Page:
Malaysian ‘job scam victim’ now a suspect

Anith Adilah Othman / Khmer Times No Comments Share:

One of the 47 Malaysians claiming to be victims of a job scam in Cambodia is now suspected to be part of a VoIP scam ring and is set to face trial in June in Malaysia, Malaysian police said.

Superintendent Mustafa Kamal Gani Abdullah, Sarawak state commercial crimes investigations department chief, yesterday said that Chang Ying Siong, 25, will be charged under Section 417 of the Malaysian Penal Code for cheating.

“The Chinese man [Mr Chang] was one of the 47 Malaysians detained in Banteay Meanchey and deported back to Malaysia. His trial will be from June 24 to June 28 at the Magistrate’s Court of Kuching here,” he told Khmer Times in a phone interview from Sarawak. “He is facing a charge under Section 417 for cheating. We are not sure yet how he is involved but rest assured that investigations are actively ongoing.”

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“Currently, we still have seven pending arrests regarding this job scam case in Cambodia,” Supt Mustafa Kamal added.

Mr Chang was one of the 47 Malaysians who were initially detained in Cambodia for alleged involvement in illicit activities in Cambodia, but were then released on February 15 after intervention from Prime Minister Hun Sen.

The Malaysians claimed they were promised jobs with lucrative salaries up to 1,500 and only discovered that it was a scam upon their arrival in the Kingdom.

While Malaysian and Cambodia media focused on the “victims of an employment scam” narrative, Khmer Times has learnt from credible sources that the group indeed had prior knowledge of the operations and was occupying houses that were designed to facilitate scammers to run VoIP scams, otherwise known as Macao scams.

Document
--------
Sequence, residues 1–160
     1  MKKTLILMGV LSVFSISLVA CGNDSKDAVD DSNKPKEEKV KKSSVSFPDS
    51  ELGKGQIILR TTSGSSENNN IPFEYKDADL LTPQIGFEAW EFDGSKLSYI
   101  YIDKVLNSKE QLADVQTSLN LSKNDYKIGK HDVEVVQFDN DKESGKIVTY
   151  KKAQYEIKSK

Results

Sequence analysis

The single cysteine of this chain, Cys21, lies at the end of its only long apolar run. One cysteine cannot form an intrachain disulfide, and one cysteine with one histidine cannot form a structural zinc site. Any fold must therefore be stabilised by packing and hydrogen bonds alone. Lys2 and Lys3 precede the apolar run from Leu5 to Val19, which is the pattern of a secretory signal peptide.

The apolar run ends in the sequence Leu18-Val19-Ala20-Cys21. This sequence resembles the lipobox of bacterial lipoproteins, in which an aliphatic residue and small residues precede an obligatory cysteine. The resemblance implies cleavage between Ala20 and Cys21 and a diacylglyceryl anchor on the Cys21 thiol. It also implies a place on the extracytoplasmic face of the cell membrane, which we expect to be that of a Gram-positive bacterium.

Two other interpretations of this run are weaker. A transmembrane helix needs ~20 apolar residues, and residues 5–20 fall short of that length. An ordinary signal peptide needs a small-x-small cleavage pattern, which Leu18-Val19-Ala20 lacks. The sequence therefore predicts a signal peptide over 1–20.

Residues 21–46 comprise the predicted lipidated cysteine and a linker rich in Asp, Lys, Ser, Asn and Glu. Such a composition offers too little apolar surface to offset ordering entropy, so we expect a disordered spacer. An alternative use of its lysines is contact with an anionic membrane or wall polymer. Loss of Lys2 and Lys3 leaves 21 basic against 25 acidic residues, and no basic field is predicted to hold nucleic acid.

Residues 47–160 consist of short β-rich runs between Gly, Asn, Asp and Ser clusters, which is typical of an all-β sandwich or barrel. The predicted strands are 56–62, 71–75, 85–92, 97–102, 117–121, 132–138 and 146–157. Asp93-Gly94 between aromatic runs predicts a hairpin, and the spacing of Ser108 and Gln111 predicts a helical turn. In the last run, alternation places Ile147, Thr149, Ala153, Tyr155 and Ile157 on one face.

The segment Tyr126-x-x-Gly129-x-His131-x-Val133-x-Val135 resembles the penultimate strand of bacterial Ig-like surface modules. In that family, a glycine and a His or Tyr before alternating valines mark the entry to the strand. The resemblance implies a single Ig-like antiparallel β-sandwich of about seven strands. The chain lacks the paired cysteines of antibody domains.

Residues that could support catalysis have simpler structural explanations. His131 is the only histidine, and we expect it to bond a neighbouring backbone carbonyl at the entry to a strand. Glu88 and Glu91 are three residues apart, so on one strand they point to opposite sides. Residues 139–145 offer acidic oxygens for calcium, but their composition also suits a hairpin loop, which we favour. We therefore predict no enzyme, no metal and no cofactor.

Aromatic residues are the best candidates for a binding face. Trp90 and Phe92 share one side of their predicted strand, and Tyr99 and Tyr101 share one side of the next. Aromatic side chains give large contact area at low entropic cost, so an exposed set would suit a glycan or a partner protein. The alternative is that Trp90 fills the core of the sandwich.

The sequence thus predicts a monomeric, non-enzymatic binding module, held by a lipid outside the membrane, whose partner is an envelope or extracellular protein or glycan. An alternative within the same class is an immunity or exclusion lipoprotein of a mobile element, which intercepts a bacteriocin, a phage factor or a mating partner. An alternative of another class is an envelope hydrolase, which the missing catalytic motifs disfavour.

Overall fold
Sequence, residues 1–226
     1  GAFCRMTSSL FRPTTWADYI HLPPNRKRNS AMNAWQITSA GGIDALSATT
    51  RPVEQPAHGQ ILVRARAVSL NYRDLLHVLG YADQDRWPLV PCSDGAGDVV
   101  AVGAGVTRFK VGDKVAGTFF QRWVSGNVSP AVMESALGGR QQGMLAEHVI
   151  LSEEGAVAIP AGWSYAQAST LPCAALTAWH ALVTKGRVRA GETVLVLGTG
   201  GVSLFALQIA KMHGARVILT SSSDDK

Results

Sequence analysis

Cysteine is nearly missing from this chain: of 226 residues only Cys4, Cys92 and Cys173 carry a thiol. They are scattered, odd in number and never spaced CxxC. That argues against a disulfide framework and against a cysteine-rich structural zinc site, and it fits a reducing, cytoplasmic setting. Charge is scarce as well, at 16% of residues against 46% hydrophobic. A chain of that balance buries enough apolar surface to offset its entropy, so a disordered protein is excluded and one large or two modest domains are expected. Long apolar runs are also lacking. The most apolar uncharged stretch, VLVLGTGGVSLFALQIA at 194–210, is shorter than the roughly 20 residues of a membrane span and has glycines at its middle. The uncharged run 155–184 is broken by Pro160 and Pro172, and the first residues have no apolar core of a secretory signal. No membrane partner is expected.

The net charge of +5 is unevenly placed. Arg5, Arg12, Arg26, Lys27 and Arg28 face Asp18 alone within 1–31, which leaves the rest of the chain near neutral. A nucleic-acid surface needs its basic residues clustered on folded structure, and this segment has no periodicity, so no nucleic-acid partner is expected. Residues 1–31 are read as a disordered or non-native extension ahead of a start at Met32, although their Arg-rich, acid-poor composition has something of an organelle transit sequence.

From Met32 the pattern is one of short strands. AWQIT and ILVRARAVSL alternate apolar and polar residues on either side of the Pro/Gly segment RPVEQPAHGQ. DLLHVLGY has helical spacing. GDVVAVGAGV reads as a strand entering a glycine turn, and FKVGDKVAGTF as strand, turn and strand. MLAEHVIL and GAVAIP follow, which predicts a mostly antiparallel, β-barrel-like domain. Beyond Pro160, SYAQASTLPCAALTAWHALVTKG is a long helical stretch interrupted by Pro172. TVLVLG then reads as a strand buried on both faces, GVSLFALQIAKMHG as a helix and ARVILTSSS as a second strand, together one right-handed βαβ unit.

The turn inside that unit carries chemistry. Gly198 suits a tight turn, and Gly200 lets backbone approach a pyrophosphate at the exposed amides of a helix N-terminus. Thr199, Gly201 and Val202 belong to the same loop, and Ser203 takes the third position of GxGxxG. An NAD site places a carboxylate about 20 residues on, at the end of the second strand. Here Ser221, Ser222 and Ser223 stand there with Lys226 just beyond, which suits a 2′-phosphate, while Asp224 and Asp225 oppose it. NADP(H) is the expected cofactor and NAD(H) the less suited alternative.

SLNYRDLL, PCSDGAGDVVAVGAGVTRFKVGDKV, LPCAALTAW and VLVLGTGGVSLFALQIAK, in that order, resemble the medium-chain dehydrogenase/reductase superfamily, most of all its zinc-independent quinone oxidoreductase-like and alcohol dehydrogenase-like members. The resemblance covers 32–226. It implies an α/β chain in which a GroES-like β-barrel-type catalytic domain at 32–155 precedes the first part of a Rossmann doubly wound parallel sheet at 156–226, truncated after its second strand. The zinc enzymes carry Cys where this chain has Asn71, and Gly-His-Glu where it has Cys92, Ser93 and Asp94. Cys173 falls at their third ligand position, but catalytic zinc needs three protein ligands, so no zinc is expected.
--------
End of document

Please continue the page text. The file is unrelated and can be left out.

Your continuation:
Cambodian authorities had also found several workstations equipped with technology used in VoIP scams during two separate raids. In spite of this, the Malaysians were allowed to return home as the probe continues on the other side of the region.

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When asked if the other seven suspects were also a part of the 47 Malaysian “victims”, Supt Mustafa declined comments, adding that: “I would rather not say as to not disrupt the ongoing probe. We still have suspects at large so we wish to focus on that. We do not want to say anything that might chase the suspects away further.”

Under the Malaysian law, perpetrators found guilty of cheating under Section 417 could face a punishment of up to five years imprisonment or fine, or both.

Supt Mustafa said that Mr Chang was arrested at around 10pm at Jalan Tun Ahmad Zaidi Adruce in Kuching, Sarawak on March 5.

On March 13, he reportedly was brought to the Magistrate’s Court of Kuching, Sarawak where he pleaded not guilty to a charge of cheating by offering a non-existent job in Cambodia.

He reportedly was accused of having cheated one Chong Jun Kong by offering the latter a job as a chef in Cambodia in October 2018. He was allowed $2,420 bail in two sureties and was ordered to surrender his passport to the court until the case has been settled.

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